The One Cent Solution gradually reduces total government spending by making cuts equal to one cent of every dollar each year for five years. This simple solution balances the budget by 2018, reduces the debt by $2.6 trillion and restores America’s financial future.
2. Legislative Strategy
To achieve the necessary spending reductions, the One Cent Solution calls for legislation that would impose strict caps on total government spending. Congress would be required to enact reforms to all spending programs, either by creating a special Commission or by the “regular order” of business, working through the appropriate committee structures. Although some programs may be cut more than 1% and some less, total government spending must be cut by 1% each year for five years. If Congress fails to enact the needed reforms, then the legislation would require mandatory, “across the board” 1% spending cuts to bring spending reductions into line with the One Cent Solution requirements.
Last year, President Obama created a debt commission to recommend spending cuts and tax increases. Little agreement was reached, and no action has been taken. The One Cent Solution is different. Here’s how:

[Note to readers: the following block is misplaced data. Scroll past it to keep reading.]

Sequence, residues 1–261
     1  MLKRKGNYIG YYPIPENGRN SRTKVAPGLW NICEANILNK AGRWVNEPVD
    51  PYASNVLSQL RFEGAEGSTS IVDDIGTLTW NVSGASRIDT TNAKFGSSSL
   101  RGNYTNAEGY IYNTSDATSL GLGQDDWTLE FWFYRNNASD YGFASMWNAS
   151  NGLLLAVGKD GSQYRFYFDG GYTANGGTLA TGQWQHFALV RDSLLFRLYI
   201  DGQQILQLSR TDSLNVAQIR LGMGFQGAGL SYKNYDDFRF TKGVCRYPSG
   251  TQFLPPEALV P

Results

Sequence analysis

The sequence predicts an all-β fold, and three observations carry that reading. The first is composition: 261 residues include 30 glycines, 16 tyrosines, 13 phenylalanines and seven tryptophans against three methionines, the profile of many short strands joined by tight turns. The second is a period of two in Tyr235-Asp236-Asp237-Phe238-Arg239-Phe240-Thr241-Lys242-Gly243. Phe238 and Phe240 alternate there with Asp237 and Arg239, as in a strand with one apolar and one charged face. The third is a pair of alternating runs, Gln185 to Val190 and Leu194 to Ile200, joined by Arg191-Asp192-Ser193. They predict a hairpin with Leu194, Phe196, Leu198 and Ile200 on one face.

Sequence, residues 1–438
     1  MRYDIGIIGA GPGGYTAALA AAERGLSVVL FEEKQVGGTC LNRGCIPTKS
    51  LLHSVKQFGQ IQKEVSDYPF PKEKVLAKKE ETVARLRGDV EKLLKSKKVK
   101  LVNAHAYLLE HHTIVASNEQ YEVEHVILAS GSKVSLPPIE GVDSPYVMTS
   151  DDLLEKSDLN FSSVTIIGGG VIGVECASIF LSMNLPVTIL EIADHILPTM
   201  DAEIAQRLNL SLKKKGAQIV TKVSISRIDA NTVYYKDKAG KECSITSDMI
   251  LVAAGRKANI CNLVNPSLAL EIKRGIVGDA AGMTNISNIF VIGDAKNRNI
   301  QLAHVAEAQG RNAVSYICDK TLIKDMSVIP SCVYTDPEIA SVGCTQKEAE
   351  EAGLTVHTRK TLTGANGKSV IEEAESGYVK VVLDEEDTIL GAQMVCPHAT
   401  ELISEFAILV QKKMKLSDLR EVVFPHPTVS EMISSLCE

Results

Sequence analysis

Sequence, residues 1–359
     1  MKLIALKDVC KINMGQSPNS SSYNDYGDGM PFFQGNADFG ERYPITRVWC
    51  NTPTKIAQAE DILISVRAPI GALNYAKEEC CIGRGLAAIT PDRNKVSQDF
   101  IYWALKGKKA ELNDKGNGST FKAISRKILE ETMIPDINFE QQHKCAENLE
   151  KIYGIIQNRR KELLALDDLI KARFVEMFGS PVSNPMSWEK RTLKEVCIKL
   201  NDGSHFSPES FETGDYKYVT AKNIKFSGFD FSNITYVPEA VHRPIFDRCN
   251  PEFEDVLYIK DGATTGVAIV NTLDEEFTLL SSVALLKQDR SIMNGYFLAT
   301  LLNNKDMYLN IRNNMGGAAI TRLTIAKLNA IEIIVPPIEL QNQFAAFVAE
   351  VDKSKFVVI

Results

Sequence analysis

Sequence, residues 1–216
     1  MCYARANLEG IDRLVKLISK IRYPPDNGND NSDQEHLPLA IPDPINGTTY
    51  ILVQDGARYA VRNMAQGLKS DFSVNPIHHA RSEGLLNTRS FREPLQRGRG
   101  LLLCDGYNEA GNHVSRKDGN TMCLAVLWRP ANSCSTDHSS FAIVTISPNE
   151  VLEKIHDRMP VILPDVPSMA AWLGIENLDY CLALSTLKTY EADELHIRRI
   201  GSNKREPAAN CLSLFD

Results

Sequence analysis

3. Public Support
As citizens, we must own the problem. It’s just not right for us to pass on this debt to our children and grandchildren. Tough decisions are ahead. The key to balancing the budget and reducing the national debt is you.
If we sign on 1 million citizens with representation from every congressional district, we can get Congress to focus on this solution and give them the political will to act. The One Cent Solution is a true American grassroots movement, started by citizens who believe good ideas can originate outside of Washington.
Through the One Cent Solution campaign, we are not only insisting upon action, we are providing a nonpartisan, simple, equitable way to get the job done.